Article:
Discussion regarding ethanol’s impact on water resources typically centers on the issue of water quantity rather than water quality. For example, it is frequently mentioned that current methods for ethanol production are unsustainable and require four gallons of water to produce one gallon of ethanol, twice the amount required to produce one gallon of gasoline. However, today we transport, store, and dispense gasoline and ethanol in greater quantities and in closer proximity than ever in our history. However, little is known about what happens when these chemicals are released to the environment together.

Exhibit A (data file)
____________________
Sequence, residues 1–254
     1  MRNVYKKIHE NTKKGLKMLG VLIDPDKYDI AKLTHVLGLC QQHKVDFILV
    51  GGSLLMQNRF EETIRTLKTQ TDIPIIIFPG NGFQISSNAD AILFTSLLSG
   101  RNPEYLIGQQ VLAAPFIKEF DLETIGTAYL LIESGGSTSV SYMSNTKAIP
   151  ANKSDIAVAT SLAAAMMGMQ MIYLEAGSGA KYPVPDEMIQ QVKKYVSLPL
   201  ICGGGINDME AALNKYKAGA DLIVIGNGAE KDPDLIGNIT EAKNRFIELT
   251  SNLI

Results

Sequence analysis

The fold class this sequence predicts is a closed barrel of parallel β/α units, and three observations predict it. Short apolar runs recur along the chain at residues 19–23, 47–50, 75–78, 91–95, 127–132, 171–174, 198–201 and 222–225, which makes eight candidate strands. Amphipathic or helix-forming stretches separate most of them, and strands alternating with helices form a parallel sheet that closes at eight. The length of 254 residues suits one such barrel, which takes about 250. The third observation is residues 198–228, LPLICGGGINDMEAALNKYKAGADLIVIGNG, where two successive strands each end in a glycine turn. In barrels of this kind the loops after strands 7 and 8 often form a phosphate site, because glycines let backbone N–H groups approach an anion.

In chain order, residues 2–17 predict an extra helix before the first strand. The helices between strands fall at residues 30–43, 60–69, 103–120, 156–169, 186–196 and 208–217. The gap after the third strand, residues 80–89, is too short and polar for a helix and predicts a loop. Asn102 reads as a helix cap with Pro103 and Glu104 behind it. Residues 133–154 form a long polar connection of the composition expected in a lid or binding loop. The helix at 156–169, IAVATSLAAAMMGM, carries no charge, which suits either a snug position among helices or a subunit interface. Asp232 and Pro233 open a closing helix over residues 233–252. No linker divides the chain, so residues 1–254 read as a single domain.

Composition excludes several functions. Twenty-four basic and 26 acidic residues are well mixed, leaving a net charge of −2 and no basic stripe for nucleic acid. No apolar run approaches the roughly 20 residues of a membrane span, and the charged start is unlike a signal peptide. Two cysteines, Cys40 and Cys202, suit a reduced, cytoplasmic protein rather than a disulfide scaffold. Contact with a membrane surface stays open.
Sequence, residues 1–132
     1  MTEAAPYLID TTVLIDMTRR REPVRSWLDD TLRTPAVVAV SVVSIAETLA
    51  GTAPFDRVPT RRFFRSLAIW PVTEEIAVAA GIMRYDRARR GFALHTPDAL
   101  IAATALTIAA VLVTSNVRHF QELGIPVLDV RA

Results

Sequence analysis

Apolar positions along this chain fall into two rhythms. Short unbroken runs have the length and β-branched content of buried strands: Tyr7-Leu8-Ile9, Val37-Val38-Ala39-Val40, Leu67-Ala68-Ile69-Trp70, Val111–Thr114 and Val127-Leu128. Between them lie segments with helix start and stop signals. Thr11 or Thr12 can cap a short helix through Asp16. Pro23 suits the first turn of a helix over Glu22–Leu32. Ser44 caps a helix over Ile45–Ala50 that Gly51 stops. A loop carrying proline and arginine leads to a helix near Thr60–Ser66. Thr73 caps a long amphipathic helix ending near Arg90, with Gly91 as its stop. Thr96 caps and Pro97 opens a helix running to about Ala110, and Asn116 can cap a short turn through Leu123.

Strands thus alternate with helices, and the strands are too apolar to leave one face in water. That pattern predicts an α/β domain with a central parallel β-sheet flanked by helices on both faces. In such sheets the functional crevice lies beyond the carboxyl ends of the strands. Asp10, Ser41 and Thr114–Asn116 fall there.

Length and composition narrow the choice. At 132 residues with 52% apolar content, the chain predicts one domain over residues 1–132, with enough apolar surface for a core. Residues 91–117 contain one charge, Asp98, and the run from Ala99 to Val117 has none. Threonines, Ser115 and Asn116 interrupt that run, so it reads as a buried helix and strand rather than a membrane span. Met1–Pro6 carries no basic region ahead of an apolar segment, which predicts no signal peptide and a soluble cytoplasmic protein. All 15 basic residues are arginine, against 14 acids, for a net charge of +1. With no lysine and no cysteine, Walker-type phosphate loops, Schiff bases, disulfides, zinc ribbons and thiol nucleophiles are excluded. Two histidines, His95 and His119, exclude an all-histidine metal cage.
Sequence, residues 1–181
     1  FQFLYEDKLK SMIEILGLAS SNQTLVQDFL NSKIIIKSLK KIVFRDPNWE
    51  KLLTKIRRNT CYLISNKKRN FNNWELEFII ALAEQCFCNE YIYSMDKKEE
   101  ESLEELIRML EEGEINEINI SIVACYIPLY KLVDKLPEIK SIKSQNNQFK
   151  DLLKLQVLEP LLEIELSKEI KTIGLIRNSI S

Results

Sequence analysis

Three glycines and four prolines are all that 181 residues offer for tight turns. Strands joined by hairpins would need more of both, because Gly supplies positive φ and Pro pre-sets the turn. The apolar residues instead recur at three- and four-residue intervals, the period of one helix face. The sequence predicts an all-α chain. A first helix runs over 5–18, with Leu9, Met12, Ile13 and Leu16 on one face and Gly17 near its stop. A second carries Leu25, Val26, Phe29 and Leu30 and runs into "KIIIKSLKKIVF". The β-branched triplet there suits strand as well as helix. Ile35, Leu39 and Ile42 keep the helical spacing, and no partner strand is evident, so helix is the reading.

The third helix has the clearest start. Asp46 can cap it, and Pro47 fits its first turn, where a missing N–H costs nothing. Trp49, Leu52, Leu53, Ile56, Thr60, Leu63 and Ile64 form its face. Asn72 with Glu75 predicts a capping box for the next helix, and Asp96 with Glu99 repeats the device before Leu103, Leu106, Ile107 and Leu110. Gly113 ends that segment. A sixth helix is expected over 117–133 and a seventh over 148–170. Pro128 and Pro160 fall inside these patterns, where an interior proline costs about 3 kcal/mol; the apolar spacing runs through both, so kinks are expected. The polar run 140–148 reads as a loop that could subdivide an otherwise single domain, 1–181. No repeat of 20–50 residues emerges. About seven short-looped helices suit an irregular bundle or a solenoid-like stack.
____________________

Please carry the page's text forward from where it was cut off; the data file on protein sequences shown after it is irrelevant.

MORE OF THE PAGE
Oil and gas spills are inevitable. They will occur and release unwanted chemicals to the water supply. In 2011, The U.S. alone consumed 370 million gallons of gasoline per day. That gasoline must be extracted from the ground, transported to refineries, sent to the pumps, and ultimately dispensed into our vehicles. While advances can be made to reduce oil and gasoline spills, they cannot be altogether avoided when so much transport is involved. Pipelines will rupture, gas trucks will spill, and storage tanks will leak. We cannot use our resources trying to prevent every possible spill. We must focus on preventing the big ones, and planning for the small ones. Resources can be better allocated to better understand how oil chemicals will act once they are release to the environment, especially in the presence of ethanol.